Inside Opinion

What's on the minds of Tacoma News Tribune editorial writers

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Tag: K-12


More dollars, more graduates

Does more money spent on public schools translate into better performance by students?

People have been arguing over that question for decades. The Washington State Institute for Public Policy – which does non-partisan research for state government – just published what looks like a thorough “meta study” of other research, including some from other countries.

It did conclude that more money can make a difference, though mostly when it’s targeted toward lower grades. Spend 10 percent more, and WSIPP estimates the high school graduation rate could be raised from 76.6 percent to 79.5 percent. That’s not a huge gain

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A global reality check on American public education

This editorial will appear in Sunday’s print edition.

Statewide third-grade reading: down 4.1 percent.

Statewide fifth-grade science: up 10.4 percent.

Statewide 10th-grade writing: down 1.1 percent.

These are among the multiplicity of student test numbers released Wednesday by the Office of Superintendent of Public Instruction. Don’t be overly impressed.

The scores are important. Tacomans need to know, for example, that their third-graders slipped in reading between 2011 and 2012 while their eighth-graders held their own. Sumner parents should know that their district’s third-graders improved by 6 points in math while fourth-graders fell by 9.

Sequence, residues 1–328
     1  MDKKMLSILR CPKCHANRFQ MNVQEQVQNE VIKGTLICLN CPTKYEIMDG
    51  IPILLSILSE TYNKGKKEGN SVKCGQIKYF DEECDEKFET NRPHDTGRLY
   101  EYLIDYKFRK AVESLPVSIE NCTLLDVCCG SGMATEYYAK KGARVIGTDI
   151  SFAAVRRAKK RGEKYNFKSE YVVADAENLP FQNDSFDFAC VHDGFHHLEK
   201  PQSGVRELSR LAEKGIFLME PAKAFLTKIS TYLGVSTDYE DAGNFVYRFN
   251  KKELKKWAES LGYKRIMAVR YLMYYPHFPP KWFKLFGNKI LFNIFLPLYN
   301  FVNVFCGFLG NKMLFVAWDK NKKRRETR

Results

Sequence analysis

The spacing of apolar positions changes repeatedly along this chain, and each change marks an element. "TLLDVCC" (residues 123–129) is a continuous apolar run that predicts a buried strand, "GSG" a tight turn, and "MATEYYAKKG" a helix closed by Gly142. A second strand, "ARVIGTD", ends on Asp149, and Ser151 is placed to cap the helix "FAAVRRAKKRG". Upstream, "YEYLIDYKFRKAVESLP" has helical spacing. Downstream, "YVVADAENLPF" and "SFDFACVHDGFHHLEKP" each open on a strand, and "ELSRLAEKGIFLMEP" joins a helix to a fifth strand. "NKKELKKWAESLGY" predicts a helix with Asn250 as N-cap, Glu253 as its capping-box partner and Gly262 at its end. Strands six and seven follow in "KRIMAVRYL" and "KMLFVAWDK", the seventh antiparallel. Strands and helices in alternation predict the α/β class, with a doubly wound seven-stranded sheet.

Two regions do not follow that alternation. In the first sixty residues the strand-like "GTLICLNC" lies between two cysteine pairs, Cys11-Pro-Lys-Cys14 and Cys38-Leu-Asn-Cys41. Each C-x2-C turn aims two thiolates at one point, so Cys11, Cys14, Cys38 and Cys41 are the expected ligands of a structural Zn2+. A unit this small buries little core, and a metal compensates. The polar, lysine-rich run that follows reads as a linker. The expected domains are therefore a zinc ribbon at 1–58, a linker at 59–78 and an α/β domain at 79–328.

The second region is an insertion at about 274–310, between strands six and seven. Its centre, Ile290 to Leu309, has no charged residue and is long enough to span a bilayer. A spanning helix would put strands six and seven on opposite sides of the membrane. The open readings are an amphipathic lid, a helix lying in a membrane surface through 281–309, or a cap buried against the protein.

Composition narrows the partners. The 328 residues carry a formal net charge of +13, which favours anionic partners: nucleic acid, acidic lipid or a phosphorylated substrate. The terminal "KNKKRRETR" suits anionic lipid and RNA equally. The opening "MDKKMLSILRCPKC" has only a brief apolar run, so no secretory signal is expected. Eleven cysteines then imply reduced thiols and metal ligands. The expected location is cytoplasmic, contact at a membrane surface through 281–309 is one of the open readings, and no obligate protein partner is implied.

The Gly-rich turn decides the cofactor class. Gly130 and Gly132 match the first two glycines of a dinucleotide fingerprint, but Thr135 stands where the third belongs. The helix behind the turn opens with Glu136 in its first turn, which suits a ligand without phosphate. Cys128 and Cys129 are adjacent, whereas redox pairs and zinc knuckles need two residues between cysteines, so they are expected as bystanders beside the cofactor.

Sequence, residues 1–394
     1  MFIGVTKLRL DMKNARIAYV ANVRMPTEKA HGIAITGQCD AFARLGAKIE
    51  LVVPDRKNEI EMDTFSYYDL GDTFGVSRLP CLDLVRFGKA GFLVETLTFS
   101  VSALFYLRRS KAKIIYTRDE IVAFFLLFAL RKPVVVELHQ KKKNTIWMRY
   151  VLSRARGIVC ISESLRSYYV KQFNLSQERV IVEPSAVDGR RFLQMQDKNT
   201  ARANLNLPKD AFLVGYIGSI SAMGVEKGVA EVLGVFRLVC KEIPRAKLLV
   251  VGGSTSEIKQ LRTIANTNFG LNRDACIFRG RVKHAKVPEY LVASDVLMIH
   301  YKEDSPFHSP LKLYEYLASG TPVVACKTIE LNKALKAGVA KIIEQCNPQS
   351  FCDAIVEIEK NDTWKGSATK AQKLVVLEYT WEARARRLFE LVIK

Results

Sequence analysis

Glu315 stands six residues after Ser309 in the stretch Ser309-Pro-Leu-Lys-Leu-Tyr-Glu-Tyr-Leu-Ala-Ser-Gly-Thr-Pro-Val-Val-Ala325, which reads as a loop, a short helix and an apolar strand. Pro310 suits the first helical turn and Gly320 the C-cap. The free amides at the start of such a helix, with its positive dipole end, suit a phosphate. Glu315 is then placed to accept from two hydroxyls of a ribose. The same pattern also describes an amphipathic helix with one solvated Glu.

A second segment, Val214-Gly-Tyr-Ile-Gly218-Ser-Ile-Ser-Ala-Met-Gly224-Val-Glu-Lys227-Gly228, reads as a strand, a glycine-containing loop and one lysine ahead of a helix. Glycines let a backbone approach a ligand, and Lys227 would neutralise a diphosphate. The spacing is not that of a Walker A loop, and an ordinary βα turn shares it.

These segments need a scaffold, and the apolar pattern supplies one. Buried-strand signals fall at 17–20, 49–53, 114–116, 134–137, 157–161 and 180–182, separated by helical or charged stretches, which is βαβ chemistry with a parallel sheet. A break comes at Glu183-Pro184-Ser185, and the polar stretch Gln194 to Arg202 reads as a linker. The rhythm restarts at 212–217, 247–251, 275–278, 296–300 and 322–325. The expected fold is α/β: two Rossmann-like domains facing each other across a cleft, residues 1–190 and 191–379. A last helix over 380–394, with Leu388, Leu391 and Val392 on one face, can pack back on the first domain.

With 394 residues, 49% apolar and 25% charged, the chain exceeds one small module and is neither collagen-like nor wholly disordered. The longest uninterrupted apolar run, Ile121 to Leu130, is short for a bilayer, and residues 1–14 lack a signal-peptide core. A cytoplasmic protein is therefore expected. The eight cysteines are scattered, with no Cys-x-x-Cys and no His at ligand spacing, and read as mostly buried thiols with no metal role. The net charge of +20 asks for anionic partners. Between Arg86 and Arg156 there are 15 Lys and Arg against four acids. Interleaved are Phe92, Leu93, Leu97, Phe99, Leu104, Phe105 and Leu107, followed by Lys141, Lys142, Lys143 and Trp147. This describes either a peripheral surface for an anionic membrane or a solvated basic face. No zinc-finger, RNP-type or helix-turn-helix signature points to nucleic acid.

One year’s third-graders are the next year’s fourth-graders, and the tests change by grade level, so the scores can’t always tell you much in a given year. But over time, they can provide a sense of which direction a district or school is headed.

What’s missing, though, is the most important context. Not just how kids, or schools, or the state are doing from year to year, compared to themselves, but how public education in Washington and the nation as a whole is doing compared to the rest of the world.

The K-12 system excels at patting itself on the back and promising big things just around the corner. Sometimes, in some school districts, it even delivers. But an important new book, “Trapped in Mediocrity,” splashes ice water on claims that American public education is on the right track.
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School reform can’t wait for a booming economy

This editorial will appear in tomorrow’s print edition.

The middle of an economic crisis is not the time to stop fixing public education. On the contrary.

A legislative push for new school reforms – including charter schools and greater teacher accountability – met with instant resistance this week from the usual suspects.

Singling out the bill to authorize a handful of charters – which are oddly easy to demonize in this state – the Washington Education Association issued a statement describing the measure as a “distraction from the real debate.” The real debate, naturally, is about pumping billions of dollars the state doesn’t have into a K-12 system that doesn’t work well enough.

Charter public schools are hardly the most important reform out there, but they do serve as a barometer of a state’s willingness to give every possible option to parents and children.
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